Presented here is a collection of over 100 hymns, prayers and inscriptions from various Ancient Egyptian temples and papyri praising and petitioning the goddess Aset. Many of these works have never been translated into English.

In Lady of Praise, Lady of Power, you will find:
*Over 100 hymns from the Temple of Philae
*Hymns and inscriptions from the Temples of Behbeit el Hagar, Deir el-Shelwit, al-Qa’la, the Giza Pyramid, Esna, and Edfu
*Offering liturgies from Philae
*Demotic Hymns from various sources
*List of over 600 Titles of Aset and a Festival Calendar

Here are the links on Lulu:

Paperback: Lady of Praise, Lady of Power

PDF: Lady of Praise, Lady of Power

Advice on groups with members of varying skill levels?

So, recently I had this brilliant idea to start a “witchery and wine” group. I know several women who are into witchcraft and divination, and I thought it would be a good idea to have a sort of informal discussion group where we could all kick back, have a few drinks, and talk about tarot, spellcraft, alternative spirituality, all that kind of stuff.

Our first meetup went well, although it was really more of a ‘getting to know you’ evening – we felt that we should all kind of figure out where everyone is at in terms of knowledge and practice.

So, it seems like most of the group falls under the “interested but not well versed” category. They all own a deck of tarot cards, but most of them are not secure in their ability to read them. They come from different spiritual and religious backgrounds – we have a girl from rural Tennessee whose childhood included Jesus camps where they had to lug crosses around, and another who went to a private Catholic school – but everyone seems really keen on spellwork.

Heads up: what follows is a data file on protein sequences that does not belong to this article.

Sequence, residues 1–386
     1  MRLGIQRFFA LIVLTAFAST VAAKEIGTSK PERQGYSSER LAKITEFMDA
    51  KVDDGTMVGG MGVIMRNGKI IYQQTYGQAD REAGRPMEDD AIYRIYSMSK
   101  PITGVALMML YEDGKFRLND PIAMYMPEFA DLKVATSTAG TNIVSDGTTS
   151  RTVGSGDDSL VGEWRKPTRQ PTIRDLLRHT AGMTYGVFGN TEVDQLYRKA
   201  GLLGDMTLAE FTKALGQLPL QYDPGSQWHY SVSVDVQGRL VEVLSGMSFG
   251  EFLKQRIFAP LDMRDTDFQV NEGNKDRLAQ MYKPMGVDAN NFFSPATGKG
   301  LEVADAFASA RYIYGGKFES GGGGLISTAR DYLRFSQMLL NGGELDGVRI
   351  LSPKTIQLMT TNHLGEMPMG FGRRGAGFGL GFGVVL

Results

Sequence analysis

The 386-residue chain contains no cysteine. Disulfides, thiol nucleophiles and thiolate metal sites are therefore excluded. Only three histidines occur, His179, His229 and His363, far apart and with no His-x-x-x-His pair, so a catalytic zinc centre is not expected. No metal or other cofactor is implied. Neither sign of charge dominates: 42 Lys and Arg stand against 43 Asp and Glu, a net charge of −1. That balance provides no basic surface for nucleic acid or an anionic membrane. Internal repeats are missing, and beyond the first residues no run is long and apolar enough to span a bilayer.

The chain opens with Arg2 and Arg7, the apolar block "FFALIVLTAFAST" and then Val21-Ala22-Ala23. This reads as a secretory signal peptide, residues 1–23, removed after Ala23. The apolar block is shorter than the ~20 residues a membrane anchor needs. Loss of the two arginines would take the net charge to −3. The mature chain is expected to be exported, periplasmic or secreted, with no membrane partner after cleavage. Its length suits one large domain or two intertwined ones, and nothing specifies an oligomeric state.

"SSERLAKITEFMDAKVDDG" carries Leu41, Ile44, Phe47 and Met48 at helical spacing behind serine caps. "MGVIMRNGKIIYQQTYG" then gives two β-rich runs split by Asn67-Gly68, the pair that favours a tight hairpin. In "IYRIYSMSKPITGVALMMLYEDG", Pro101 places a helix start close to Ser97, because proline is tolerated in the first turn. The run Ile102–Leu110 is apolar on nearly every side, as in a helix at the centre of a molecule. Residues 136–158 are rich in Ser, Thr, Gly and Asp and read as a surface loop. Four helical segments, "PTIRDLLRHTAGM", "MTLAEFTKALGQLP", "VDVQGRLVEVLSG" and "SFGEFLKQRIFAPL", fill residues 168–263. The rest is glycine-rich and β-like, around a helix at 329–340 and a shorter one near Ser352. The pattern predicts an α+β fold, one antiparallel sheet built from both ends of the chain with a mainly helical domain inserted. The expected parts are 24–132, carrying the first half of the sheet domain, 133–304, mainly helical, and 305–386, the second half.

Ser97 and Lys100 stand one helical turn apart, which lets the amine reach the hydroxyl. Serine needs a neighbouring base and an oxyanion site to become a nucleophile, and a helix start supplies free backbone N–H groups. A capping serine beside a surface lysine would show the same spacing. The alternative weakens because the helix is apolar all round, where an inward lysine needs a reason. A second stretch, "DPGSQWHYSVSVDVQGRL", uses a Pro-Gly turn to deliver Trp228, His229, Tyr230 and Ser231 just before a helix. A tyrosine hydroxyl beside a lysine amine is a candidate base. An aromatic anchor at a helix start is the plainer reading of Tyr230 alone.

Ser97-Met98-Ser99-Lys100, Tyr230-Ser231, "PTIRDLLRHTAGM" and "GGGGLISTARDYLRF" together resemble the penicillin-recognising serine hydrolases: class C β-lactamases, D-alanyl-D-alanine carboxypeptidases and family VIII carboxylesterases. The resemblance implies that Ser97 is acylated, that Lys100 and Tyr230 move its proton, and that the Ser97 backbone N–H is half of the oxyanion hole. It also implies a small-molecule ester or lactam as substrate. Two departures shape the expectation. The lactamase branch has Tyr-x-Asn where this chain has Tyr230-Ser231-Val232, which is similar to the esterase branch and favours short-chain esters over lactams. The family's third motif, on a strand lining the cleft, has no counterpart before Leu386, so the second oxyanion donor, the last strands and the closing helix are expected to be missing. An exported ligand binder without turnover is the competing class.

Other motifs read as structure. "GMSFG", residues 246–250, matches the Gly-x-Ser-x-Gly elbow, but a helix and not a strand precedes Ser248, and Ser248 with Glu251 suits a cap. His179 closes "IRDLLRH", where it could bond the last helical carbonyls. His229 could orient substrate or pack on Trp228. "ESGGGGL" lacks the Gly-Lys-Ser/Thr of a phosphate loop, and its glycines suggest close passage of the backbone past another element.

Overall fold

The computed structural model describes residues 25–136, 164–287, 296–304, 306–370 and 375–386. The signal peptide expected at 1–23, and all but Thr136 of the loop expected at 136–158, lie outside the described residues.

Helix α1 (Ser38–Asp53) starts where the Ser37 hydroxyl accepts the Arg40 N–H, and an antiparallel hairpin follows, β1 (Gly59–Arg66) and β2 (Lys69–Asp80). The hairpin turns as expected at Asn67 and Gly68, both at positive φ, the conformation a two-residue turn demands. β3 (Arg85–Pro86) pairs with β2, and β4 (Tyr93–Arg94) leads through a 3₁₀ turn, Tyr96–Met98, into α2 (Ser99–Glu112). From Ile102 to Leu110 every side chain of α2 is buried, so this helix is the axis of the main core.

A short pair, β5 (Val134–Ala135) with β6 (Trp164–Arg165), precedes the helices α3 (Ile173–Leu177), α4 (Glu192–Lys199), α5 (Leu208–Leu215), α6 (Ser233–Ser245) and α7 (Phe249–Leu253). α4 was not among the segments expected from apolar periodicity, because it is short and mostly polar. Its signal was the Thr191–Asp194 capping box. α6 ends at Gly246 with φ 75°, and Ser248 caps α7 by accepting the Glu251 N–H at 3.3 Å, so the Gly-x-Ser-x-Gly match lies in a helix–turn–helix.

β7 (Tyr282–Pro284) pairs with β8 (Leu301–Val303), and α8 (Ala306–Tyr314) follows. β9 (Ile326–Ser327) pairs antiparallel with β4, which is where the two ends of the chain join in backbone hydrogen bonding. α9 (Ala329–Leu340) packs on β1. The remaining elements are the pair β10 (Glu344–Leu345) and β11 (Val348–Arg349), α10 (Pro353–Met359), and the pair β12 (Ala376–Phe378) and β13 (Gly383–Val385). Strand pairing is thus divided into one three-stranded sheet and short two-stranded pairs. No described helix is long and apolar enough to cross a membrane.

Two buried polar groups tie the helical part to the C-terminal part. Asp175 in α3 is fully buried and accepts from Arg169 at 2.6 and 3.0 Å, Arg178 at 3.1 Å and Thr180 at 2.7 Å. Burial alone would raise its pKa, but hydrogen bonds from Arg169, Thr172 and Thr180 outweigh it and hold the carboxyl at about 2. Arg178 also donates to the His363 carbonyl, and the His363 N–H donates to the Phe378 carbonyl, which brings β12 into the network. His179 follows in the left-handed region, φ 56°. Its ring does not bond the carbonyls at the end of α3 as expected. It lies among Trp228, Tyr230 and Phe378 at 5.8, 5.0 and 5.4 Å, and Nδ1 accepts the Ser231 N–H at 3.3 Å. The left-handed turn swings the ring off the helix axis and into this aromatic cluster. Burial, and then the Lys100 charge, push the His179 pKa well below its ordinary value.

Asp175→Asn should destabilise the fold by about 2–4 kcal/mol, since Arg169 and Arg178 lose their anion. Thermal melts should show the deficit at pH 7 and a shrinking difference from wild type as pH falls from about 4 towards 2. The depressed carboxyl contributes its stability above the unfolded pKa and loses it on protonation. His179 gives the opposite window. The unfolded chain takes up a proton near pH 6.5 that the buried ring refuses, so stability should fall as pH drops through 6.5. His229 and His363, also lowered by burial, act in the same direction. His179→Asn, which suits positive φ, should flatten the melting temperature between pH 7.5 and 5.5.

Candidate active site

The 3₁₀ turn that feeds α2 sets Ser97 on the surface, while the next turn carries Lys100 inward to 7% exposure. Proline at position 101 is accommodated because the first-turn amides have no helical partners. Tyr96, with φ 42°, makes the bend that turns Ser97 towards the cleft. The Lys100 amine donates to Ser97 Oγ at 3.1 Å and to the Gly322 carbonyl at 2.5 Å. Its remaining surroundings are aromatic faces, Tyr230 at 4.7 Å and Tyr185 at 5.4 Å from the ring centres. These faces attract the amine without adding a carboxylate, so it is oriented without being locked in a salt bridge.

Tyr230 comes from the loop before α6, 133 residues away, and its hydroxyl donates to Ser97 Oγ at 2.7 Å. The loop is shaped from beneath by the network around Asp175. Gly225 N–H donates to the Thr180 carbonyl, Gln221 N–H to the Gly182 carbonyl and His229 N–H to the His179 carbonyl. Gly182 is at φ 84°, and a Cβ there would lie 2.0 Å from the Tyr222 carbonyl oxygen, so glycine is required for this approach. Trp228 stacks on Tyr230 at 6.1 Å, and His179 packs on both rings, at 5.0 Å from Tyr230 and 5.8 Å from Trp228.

As for active practitioners, it looks like so far it’s me and one other girl. She’s been practising for about 14 years in secret (she’s the one from Tennessee), and I’ve been at it for twenty as of this year.

So my question is this: how do we keep this group feeling like a chill space where we can all learn, as opposed to turning it into a lecture hall situation? I’m not opposed to teaching things, but I really want to avoid making anybody feel like some dumb newb. So I figured I would ask the forum, both to get advice from anyone who has been in a similar situation, and to get the perspective of people who are just starting out on what they would like from an informal group.